It’s probably for the best. The teacher’s daughter had curly hair and I’ve never liked curly hair. That relationship would’ve been even shorter than most middle school relationships (half a week instead of the usual week).

-Mister Ed

Paddington Movie Review

I saw the movie Paddington with my wife last weekend.

The movie is based off the Paddington Bear book series. I read a few of the books when I was a kid but remember almost nothing about them.

What I do remember is the visual appearance of Paddington and his unflagging politeness. I remember the books being similar to Stuart Little, but British instead of American. I also remember Paddington being a teddy bear in the books, but that’s wrong. He’s an unusual bear species from “darkest Peru.”

The movie starts off with old black and white news reel describing Paddington’s home in Peru. Soon Paddington must leave his home and travel to London where he plans to be adopted by waiting at a railroad station.

Our little hero stows away in a lifeboat aboard a cargo ship headed to London. He survives by bringing along an enormous supply of orange marmalade which we are a told “has all the daily vitamins and minerals a bear needs.”

Paddington meets the Brown family at the Paddington station in London. He goes to live with them until they can find the explorer who previously visited his family in “darkest Peru.” It’s no surprise that by the end of the movie Paddington has become part of the Brown’s family.

I wouldn’t want to give more away about the movie, but it struck me as extremely British.  There’s a flashback where the explorer is describing how civilized the bears in “darkest Peru” are. The people he’s talking to respond by saying, “Civilized? Surely they don’t play cricket?” I’m paraphrasing, but that is what the movie is like.

The movie is a fun family experience. Although I’ve read some of the Paddington books, I can’t say if a true fan of the books would enjoy the movie or not. I can say that if you liked Stuart Little then you will like Paddington. A talking animal is accepted into a classical nuclear family in both books/movies. What more do you really need to know? Just that description tells you what the movie will be about. It has a few jokes, but is mostly about the warm fuzzy feelings you get from the tender moments in the movie. And having something you can watch with children.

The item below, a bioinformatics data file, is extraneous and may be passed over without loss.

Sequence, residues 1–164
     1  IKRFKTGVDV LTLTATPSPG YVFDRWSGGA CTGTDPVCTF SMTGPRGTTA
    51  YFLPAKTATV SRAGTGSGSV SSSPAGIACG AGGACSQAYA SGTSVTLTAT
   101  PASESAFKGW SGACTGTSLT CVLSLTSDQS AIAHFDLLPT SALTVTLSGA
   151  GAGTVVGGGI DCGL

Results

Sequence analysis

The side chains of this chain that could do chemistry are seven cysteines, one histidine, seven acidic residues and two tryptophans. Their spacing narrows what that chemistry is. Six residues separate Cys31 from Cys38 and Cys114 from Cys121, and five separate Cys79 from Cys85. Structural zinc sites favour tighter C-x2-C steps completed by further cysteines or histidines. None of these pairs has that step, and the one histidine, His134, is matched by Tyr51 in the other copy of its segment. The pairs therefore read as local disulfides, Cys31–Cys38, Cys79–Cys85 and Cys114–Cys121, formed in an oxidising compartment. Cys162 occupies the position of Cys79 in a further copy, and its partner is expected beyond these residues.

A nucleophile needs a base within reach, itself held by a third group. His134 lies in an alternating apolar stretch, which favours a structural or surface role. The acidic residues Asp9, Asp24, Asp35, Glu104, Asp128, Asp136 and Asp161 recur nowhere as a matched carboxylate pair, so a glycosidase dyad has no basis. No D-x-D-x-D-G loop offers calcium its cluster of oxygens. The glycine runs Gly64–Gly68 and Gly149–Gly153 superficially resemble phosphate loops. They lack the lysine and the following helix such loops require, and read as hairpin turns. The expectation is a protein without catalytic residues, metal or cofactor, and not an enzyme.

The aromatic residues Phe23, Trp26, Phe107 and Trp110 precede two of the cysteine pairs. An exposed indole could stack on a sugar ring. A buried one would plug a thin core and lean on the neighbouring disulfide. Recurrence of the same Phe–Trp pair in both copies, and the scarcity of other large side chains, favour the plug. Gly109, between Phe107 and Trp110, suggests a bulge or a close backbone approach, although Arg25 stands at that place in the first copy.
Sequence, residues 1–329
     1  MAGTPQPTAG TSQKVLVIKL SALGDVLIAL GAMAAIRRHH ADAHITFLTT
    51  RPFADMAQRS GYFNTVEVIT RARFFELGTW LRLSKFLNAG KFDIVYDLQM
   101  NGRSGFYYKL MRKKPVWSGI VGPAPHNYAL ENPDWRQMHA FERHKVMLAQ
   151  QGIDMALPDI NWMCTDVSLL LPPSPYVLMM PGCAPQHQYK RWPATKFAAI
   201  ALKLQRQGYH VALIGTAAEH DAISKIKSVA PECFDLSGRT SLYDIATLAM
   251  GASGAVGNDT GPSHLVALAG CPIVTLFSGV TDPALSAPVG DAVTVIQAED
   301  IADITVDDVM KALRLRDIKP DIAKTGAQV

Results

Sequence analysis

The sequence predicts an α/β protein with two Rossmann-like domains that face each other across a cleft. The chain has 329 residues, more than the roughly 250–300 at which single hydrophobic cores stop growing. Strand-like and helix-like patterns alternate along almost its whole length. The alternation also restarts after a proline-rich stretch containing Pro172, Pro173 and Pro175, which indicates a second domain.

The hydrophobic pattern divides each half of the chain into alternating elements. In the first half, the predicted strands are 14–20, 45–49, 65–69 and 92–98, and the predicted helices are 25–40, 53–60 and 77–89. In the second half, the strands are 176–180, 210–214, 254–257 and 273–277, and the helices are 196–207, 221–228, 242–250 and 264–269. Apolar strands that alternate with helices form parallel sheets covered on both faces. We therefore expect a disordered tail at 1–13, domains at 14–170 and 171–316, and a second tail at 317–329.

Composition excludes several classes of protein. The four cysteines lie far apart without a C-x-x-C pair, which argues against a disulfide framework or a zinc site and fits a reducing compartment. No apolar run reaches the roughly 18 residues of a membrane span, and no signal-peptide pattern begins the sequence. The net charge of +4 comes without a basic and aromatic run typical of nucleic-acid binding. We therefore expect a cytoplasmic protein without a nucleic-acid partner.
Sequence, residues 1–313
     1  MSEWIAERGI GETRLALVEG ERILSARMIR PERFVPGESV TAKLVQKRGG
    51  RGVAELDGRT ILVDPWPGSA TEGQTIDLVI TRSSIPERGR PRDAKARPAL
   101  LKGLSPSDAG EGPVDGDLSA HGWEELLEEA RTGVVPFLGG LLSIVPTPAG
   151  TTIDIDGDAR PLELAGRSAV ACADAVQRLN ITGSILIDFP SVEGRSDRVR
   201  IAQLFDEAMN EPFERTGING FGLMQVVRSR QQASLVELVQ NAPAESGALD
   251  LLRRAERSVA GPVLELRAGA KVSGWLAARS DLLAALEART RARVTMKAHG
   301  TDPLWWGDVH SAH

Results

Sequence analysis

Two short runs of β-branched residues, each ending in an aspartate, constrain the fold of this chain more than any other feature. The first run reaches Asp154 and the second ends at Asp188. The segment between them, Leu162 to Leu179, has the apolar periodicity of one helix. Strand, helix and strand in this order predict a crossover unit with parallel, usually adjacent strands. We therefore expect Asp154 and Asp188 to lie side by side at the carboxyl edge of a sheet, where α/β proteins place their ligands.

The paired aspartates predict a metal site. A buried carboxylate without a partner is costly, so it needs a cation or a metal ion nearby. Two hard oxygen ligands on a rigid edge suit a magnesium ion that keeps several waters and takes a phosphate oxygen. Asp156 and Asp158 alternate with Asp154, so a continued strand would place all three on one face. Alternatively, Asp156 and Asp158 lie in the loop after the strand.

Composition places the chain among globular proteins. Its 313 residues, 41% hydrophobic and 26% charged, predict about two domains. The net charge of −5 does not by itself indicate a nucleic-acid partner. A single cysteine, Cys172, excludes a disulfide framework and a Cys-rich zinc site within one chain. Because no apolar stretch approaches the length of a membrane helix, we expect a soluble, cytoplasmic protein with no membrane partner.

That’s all for today!

-Mister Ed

Bucket List

Around Thanksgiving last year I made a bucket list for myself. A bucket list is a list of things you want to do before you die (kick the bucket).

So here’s the list along with why I want to do each thing.

1. Finish my Things Fall Apart screenplay and attempt to turn it into a movie.
I read Chinua Achebe’s novel, Things Fall Apart, in high school and one of my first thoughts upon finishing it was, “This would make an awesome movie.” I set out to find the movie and… there isn’t one. There is a TV show, but it was produced in Nigeria and I couldn’t find a DVD version available in the USA. I started a screenplay adaption of the book and also seriously considered going to Bard for college where Achebe taught while he was still alive. I’d still like to see a movie of Things Fall Apart and with no one else working on it as far as I know, it’s up to me! I would have to get permission from Achebe’s family at some point though.

2. Have kids.
Pretty simple American dream stuff here. I like children a lot. I want to have some of my own.

3. Coach soccer for my kids.
This was one of the big things that my dad and I did together to bound when I was a kid. He coached my AYSO soccer teams so I got to hang out with him a lot over the years. I’d like to have the same sort of bond with my kids.

4. Attend a dance recital for my kids.
While I played soccer as a kid, my wife did dancing. Since I want our kids to play soccer it’s only fair that they dance too. I can’t teach dancing, but I can still support my kids doing it by going to see them.

5. See Wicked.
People have been telling me how good this musical is ever since it came out and ten years later I still haven’t see it or the movie. I should fix that before I die.